A corset is a very constrictive ladies' undergarment worn by some crossdressers and male-to-female transsexuals to give their torso a more female appearance. Most corsets are laced in the back, though there are a handful of styles with the laces on the front. By tightening or loosening the laces on the corset, the wearer can adjust the level of modification to their desired appearance.
Commonly abbreviated in the trans community as "CD," crossdressers are individuals who wear clothing typically associated with the opposite binary gender from that assigned to them at birth. Most of the community uses this term in favor of the older, outdated word "transvestite," as transvestism is more frequently associated with a sexual fetish (more can be found on that below). Most crossdressers are heterosexual, though there are many who are not. Crossdressers are primarily motivated by a desire or need to experience the role of a gender other than they were assigned.
Cross-living is the act of crossdressing full-time. This is different from transgender full-time presentation as those engaged in cross-living do not consider themselves to be transsexual.
De-transition is a return to living as a member of the sex one was assigned at birth after spending time living as one's target sex.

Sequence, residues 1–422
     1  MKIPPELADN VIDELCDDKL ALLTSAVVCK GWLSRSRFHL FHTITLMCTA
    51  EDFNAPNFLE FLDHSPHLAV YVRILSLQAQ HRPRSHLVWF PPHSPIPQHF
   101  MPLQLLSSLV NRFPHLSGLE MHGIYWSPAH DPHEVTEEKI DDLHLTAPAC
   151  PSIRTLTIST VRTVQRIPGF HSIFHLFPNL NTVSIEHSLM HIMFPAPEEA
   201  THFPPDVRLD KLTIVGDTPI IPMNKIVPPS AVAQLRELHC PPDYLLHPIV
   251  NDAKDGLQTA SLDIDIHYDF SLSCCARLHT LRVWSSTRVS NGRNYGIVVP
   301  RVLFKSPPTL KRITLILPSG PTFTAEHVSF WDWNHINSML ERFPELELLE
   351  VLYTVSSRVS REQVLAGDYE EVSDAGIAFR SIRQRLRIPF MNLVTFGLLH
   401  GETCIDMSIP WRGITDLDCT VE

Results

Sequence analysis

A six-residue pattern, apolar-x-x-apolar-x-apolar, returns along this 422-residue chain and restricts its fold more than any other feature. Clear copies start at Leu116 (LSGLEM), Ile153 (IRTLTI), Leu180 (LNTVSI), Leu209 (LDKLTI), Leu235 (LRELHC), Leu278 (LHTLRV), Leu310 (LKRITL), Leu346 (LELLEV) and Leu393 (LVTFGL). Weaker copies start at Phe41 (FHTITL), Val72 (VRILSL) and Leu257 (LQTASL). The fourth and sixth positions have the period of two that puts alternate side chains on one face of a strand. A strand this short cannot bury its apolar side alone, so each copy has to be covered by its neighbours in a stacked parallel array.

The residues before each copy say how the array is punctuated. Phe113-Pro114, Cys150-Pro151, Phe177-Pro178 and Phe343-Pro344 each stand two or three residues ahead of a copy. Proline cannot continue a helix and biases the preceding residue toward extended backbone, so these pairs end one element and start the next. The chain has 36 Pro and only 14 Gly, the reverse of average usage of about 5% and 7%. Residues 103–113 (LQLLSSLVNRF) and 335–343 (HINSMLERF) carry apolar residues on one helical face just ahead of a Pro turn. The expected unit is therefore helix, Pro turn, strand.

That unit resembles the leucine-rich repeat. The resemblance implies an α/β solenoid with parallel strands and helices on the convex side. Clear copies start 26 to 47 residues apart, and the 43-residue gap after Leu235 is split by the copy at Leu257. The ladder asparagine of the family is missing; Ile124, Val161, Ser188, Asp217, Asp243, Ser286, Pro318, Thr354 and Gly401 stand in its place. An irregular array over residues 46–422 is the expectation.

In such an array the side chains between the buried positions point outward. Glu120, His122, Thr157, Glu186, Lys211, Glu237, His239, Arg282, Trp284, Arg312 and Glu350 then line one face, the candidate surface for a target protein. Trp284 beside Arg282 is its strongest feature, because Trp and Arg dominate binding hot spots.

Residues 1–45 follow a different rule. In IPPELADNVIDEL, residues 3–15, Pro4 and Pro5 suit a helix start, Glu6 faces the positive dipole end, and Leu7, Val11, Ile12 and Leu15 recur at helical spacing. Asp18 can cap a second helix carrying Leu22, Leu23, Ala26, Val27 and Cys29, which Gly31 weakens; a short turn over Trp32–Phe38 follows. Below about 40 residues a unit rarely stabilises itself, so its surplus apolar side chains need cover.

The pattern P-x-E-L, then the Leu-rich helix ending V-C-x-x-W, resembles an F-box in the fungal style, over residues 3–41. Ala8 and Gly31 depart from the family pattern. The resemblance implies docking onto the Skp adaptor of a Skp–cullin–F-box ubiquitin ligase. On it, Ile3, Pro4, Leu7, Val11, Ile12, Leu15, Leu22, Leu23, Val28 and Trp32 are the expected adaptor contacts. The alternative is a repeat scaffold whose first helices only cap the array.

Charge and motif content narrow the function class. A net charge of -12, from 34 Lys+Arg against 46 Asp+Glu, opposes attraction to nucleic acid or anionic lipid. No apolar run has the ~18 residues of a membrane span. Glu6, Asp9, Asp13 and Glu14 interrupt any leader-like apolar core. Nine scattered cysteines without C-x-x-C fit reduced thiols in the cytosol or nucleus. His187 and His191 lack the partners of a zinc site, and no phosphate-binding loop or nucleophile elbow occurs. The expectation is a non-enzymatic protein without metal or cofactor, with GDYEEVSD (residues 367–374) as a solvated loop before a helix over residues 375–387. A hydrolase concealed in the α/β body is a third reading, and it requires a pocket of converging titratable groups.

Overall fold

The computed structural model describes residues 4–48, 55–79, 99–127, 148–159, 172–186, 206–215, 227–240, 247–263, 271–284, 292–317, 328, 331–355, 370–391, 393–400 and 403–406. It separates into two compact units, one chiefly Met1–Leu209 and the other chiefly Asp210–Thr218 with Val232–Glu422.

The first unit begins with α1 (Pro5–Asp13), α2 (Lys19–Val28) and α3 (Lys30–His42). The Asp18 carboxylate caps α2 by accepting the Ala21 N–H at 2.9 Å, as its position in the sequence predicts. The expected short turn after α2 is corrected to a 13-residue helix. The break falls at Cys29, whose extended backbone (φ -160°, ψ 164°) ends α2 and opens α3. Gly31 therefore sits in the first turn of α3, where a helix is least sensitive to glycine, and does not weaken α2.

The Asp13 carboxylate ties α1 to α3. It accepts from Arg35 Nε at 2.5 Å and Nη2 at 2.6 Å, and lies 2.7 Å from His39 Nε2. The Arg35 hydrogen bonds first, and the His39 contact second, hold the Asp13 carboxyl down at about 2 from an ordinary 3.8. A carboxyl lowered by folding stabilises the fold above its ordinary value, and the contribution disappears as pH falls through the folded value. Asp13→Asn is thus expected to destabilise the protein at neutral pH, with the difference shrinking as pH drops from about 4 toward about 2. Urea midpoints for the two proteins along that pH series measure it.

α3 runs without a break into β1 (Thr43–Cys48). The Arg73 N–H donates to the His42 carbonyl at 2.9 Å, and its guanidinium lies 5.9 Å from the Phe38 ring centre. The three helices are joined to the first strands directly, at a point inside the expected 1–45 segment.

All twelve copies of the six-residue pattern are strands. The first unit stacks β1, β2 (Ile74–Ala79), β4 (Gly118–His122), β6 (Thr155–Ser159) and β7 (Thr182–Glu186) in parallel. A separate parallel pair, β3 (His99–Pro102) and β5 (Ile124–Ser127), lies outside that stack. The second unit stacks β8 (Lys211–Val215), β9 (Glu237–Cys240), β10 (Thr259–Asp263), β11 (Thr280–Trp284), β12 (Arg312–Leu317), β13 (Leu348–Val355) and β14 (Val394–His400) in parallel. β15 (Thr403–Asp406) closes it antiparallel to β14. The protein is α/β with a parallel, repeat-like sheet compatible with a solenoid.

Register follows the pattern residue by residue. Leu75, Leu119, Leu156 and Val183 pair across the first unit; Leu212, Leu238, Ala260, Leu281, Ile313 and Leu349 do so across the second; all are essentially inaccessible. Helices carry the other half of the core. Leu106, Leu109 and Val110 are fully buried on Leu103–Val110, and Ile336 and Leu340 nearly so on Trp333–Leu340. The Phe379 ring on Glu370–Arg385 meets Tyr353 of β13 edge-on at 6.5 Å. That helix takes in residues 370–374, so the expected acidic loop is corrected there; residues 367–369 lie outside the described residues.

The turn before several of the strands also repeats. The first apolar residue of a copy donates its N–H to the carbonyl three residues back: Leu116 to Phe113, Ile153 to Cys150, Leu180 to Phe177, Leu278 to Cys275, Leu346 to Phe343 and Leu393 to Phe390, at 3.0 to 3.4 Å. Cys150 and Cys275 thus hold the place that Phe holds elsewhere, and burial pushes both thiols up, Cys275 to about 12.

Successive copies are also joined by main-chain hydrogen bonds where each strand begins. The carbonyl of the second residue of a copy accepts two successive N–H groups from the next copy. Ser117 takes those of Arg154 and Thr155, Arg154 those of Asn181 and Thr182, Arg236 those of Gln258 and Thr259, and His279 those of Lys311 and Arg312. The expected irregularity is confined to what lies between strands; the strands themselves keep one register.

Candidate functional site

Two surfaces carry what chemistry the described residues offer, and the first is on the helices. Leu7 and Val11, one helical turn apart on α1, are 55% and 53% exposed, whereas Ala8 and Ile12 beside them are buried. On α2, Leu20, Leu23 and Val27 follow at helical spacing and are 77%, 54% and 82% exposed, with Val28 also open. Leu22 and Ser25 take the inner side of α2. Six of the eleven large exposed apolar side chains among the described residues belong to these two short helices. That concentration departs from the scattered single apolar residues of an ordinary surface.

Drag kings and drag queens (female and male, respectively) are those who exaggerate their appearance as a member of the opposite sex, most usually for purposes of performance and entertainment. While some live the role full-time and may even opt for surgery to enhance their appearance as a member of the opposite sex, most put on their drag personas only when performing.
Use: femme dyke, bi dyke, butch dyke, etc. The term is generally used to describe a lesbian, and may be modified as shown to offer more detail about the person's usual presentation. Many modern lesbians use the term to describe themselves, though even today this word is commonly used by bigots with the goal of insulting the lesbian community.
This term is often used in a negative context to describe a male-presenting person who displays behavior and mannerisms more commonly associated with the feminine stereotype.
Often referred to in the trans community as "endos," these doctors specialize in working with the human endocrine system and the hormones it produces. Endocrinologists prescribe estrogen, progesterone, and androgen inhibitors for male-to-female transsexuals, and testosterone for female-to-male transsexuals. Regular appointments with an endocrinologist are required, as they must monitor how the body reacts to hormone treatment and alter doses accordingly.